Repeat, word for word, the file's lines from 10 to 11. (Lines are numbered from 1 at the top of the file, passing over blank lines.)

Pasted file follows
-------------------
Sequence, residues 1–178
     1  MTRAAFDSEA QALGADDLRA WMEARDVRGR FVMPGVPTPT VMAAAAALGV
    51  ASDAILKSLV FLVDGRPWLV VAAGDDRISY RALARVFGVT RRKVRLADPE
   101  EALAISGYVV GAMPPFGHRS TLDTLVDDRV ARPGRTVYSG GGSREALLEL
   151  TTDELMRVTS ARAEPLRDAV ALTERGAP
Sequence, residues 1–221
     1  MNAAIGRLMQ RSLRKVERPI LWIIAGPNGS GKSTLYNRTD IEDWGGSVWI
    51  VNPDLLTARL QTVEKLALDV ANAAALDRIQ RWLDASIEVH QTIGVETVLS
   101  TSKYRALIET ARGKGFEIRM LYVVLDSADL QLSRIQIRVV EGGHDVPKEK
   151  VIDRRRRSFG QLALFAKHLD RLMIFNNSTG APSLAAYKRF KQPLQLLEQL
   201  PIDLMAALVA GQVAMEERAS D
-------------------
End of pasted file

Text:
   151  VIDRRRRSFG QLALFAKHLD RLMIFNNSTG APSLAAYKRF KQPLQLLEQL
   201  PIDLMAALVA GQVAMEERAS D